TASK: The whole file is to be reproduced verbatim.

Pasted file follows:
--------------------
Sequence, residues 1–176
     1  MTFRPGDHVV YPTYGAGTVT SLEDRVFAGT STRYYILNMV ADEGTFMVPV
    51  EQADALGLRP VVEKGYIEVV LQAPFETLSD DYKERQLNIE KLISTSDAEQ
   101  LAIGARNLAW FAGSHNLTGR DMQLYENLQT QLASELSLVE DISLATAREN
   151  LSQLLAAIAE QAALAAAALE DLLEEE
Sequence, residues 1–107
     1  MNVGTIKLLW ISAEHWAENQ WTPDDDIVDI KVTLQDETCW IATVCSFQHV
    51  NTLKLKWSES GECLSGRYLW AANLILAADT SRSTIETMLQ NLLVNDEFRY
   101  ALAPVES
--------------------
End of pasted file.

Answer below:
Sequence, residues 1–176
     1  MTFRPGDHVV YPTYGAGTVT SLEDRVFAGT STRYYILNMV ADEGTFMVPV
    51  EQADALGLRP VVEKGYIEVV LQAPFETLSD DYKERQLNIE KLISTSDAEQ
   101  LAIGARNLAW FAGSHNLTGR DMQLYENLQT QLASELSLVE DISLATAREN
   151  LSQLLAAIAE QAALAAAALE DLLEEE
Sequence, residues 1–107
     1  MNVGTIKLLW ISAEHWAENQ WTPDDDIVDI KVTLQDETCW IATVCSFQHV
    51  NTLKLKWSES GECLSGRYLW AANLILAADT SRSTIETMLQ NLLVNDEFRY
   101  ALAPVES